Rent Growth Is Slowing, But Only For Higher-Priced Properties

Rent growth decelerated for the fifth straight month, but renters in lower-priced units are still feeling the squeeze as homeownership remains out of reach for most Americans.

Single-family rents increased only 10.2% YOY in September, down from 13.9% in April 2022, according to recent data from CoreLogic.

This is still double the pre-pandemic growth rate, but moving in the right direction.

“High mortgage interest rates may be causing potential homebuyers to hit pause and remain renters, keeping pressure on rent prices. However, the monthly rent change was negative in September, resuming the typical seasonal pattern for the first time since 2019, which could signal the beginning of rent price growth normalization,” said Molly Boesel, principal economist at CoreLogic.

Declining rents are largely benefiting high-price-point renters. Lower-priced rent growth shot up to 12.1% from 8.5% in September, continuing record gains.

At the same time, higher-priced rent growth decelerated at the fastest pace since peaking in April, dropping from 11.1% to 8.9% in a single month.

Renters of lower-priced properties may be tempted to look into buying a home after such a long stretch of rising payments. But Florida researchers say the 100 largest U.S. metros all still favor renting over buying.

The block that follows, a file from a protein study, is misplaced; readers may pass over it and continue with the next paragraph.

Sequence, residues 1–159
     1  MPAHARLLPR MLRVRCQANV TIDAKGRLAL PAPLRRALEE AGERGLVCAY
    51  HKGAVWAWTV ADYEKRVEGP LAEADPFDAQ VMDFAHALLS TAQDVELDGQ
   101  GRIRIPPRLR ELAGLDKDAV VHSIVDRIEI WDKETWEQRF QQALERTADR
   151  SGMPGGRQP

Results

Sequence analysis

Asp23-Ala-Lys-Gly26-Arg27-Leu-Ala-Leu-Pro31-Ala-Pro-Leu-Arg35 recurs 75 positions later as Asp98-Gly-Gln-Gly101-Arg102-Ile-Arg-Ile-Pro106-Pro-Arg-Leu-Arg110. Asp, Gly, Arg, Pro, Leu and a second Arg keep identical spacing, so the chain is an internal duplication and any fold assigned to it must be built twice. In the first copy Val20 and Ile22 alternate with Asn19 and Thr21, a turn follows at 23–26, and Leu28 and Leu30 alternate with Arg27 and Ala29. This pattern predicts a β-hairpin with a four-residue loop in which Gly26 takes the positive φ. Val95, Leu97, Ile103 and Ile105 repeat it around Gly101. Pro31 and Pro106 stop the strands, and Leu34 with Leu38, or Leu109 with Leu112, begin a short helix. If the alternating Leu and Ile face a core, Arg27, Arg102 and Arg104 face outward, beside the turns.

At issue is construction. American builders are putting more resources into apartment buildings than single-family homes. Single-family construction has been trending down for months, while multi-family has consistently risen.

Eli Beracha, Ph.D., of FIU’s Hollo School of Real Estate, noted that there simply aren’t enough homes to bring the cost of buying down, so renting remains the most affordable option.

“When looking at the data as a whole and comparing it to the pace of construction, it is clear that we are not building homes for ownership at a fast-enough pace to keep up with the demand for ownership over renting,” he said.

But researchers agree that renters should be careful to leverage their savings for the future. Though buying may still be out of reach, investing extra cash allows renters to build wealth even without homeownership.

“If you’re going to rent and then spend your savings on beer and cookies, you might as well just buy a home despite the current high prices because ownership is at least a forced savings plan,” said Ken H. Johnson, Ph.D., an economist in FAU’s College of Business.

Follow Us On Twitter:

Read Nore Articles:

First Home Mortgage Launches New Program For First-Time Homebuyers

Guild Leaders Hope To Help Hispanic Homebuyers Through New Partnership